Just one week after Congress passed the America Creating Opportunities to Meaningfully Promote Excellence in Technology, Education and Science Act (COMPETES) Act, President George W. Bush signed the comprehensive legislation into law.

America COMPETES aims to improve U.S. competitiveness through significant investments in science, technology, engineering, and mathematics (STEM) research and education. The law authorizes $43.3 billion over three fiscal years (2008-2010) for STEM research and education, and received a great deal of bipartisan support in Congress. Specific provisions of the law can be found in the 6 August 2007 Public Policy Report (http://www.aibs.org/public-policy-reports/20070806.html).

In a press conference immediately prior to the bill signing on 9 August 2007, the President expressed his appreciation for the bipartisan support of provisions in the legislation that followed from the Administration’s American Competitiveness Initiative (ACI). These included increases in federal investments in research at the National Science Foundation, the National Institute of Standards and Technology laboratories, and the Department of Energy Office of Science as well as increased investment in a number of science and mathematics education programs.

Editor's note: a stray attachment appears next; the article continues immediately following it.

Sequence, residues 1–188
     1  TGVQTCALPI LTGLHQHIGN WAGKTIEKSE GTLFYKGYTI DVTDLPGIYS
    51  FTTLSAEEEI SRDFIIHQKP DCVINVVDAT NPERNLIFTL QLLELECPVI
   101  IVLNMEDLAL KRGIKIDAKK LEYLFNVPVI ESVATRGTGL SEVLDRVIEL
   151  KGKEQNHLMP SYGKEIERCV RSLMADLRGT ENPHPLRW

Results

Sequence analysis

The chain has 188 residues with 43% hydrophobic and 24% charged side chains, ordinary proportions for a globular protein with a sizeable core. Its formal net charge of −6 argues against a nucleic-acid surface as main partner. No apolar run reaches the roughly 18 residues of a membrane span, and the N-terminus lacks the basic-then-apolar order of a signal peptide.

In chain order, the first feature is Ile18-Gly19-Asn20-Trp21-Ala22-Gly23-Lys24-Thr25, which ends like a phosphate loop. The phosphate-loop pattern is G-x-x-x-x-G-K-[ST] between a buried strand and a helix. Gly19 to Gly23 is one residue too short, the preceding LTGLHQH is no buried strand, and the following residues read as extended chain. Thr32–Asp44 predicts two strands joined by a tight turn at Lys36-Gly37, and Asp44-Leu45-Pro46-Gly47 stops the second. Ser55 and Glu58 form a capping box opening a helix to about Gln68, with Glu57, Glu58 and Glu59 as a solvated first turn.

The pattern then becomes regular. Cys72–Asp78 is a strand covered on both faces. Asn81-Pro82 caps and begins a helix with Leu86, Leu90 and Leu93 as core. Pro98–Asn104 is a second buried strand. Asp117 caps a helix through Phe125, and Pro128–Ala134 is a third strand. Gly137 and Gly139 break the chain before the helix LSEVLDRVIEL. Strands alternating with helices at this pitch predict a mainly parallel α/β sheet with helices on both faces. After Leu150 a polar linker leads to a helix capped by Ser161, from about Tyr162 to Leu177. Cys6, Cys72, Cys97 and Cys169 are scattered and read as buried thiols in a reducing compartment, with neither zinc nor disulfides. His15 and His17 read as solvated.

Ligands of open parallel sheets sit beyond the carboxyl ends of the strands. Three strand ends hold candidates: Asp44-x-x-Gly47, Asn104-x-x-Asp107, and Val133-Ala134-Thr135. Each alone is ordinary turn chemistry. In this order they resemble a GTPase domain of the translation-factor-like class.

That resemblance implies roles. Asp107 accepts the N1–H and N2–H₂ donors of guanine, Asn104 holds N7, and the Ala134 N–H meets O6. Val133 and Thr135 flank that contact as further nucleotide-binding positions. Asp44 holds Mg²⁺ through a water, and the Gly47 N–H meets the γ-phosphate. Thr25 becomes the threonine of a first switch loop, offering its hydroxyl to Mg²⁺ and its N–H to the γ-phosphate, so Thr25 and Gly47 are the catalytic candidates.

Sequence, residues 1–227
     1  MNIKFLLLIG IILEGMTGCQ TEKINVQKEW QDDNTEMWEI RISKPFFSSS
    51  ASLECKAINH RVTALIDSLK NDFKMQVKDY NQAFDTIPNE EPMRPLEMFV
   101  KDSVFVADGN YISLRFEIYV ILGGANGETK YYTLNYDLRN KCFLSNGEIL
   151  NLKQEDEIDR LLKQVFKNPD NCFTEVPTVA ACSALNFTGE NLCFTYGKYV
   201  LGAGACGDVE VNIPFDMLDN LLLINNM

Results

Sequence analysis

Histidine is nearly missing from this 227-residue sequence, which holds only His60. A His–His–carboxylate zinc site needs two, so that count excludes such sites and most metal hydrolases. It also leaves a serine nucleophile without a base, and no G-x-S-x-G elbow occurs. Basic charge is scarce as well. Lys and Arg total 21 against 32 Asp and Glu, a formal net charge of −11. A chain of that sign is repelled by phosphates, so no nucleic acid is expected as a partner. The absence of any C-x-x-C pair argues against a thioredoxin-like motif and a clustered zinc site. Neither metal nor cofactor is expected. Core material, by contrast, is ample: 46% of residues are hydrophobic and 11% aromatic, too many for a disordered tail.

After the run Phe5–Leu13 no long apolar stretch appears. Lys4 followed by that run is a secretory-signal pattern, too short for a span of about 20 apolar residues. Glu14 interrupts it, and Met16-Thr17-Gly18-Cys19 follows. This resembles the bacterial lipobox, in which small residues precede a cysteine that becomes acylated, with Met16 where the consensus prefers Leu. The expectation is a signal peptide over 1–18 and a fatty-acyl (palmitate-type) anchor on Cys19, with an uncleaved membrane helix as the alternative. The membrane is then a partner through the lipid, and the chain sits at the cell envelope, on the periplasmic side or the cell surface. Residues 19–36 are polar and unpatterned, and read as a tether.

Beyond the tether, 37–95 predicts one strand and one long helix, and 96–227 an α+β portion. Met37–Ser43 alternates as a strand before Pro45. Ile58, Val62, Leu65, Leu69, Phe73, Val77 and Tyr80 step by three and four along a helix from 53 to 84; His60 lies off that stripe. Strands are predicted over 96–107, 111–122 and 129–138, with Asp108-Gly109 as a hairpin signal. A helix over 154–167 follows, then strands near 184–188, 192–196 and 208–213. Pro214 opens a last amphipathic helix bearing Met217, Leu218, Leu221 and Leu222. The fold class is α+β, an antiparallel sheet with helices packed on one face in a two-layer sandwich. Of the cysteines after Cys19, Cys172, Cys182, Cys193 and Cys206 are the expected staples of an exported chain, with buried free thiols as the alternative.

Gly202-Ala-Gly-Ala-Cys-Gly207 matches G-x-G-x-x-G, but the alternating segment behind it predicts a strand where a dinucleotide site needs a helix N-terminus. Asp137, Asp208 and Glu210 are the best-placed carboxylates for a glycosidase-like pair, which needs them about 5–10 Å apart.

However, the President also expressed concern that “the bill Congress sent to my desk leaves some of the key priorities [of ACI] unfulfilled, and authorizes unnecessary and duplicative programs.” Accordingly, the White House Fact Sheet for America COMPETES that was released after the signing stated that “the President will request funding in his 2009 budget for those authorizations that support the focused priorities of the ACI, but will not propose excessive or duplicative funding based on authorizations in the bill.”

 


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